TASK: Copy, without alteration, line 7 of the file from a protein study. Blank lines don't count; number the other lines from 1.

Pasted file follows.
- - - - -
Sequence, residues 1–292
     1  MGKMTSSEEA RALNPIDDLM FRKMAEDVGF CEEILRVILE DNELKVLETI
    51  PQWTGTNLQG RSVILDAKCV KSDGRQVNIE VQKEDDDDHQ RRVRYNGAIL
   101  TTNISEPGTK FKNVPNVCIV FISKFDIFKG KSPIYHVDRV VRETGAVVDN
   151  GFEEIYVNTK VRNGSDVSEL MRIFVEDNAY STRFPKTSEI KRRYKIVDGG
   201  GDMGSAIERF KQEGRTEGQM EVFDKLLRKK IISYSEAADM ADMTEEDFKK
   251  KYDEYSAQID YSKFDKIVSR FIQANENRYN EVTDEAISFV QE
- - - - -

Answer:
   251  KYDEYSAQID YSKFDKIVSR FIQANENRYN EVTDEAISFV QE